Is it possible to make a film about life threatening or life changing (like Alzheimer's) illness without it being mawkish or intrusive into peoples' privacy? We think we have found some that challenge and bring into the open situations that deserve greater dignity.
Adapted from Sally Nicholls’ novel, Ways to Live Forever is a touching and inspiring film about 12 year old Sam, played by Robbie Kay. Sam is the narrator of the film, through the medium of his video diary. He reveals much about himself, when while making a list of important things about himself, the fact that he is dying of leukaemia merits only 4th place. He loves facts, he wants to know about UFOs and horror movies and airships and ghosts and how it feels to kiss a girl. He wants to know the facts about dying.Sam needs answers to the questions nobody will answer.
Also starring Ben Chaplin, Emilia Fox and Greta Scacchi, Ways to Live Forever has been an official entry in the Amsterdam, Tallinn, Terra di Siena and Indianapolis Festivals.
Thanks to Gustavo Ron
The film takes place almost entirely on a property in the cane country of northern New South Wales, where single mother Rhea (Emily Barclay) survives by barring the door against debt collectors.To help make ends meet, she agrees to find room for Doyle (John Hurt), an old sailor with Alzheimer's disease who is the paternal grandfather of her three young daughters - an exotic figure in this setting, with his faraway eyes, English accent and sensitive, ravaged face. The oldest girl, Lou (Lily Bell-Tindley), initially resents the newcomer and the painful memories he stirs up. Doyle confuses the 11-year-old Lou with the wife who broke his heart many years ago, and Lou soon finds her own reasons to restage the past. This is a slightly dangerous coming-of-age fantasy.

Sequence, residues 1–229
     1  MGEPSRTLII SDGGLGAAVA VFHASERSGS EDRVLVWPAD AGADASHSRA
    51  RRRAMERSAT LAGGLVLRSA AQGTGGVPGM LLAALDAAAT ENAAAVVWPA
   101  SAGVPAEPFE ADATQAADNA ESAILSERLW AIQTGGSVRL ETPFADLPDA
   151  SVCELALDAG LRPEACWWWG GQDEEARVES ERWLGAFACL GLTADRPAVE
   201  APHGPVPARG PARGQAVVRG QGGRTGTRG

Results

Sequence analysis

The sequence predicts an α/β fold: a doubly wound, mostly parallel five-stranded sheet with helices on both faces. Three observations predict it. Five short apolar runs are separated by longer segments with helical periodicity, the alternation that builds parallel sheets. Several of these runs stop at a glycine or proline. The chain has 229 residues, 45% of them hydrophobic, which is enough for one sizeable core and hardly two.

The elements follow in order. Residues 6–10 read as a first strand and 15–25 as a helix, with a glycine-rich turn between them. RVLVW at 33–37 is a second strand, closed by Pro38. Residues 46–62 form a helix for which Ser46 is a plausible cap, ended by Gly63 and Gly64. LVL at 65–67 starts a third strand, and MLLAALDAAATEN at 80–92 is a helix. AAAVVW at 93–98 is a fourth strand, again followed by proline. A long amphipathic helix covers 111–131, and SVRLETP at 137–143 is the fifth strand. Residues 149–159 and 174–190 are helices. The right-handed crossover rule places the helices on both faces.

This session also includes a screening of Elfar Adalsteins’ Sailcloth staring John Hurt and among the short films tipped to land an Oscar nomination.
Thanks to Matchbox Films
Inspired by the real-life experiences of screenwriter Will Reiser, director Jonathan Levine's 50/50 is the story of a 27-year-old cancer patient's battle to beat the disease with the help of his friend. It has received strong reviews and – unusually for a comedy – is considered an outside bet for an Oscar nomination next year.Joseph Gordon-Levitt plays the somewhat portentously named Adam Lerner, a young writer working for a National Public Radio station in Seattle, who is told out of the blue he has spinal cancer with a 50-50 chance of recovery. He gets along with a little help and hindrance from his friends, family and fellow patients, and the movie and Adam himself treat his situation with considerable humour.
Thanks to Lionsgate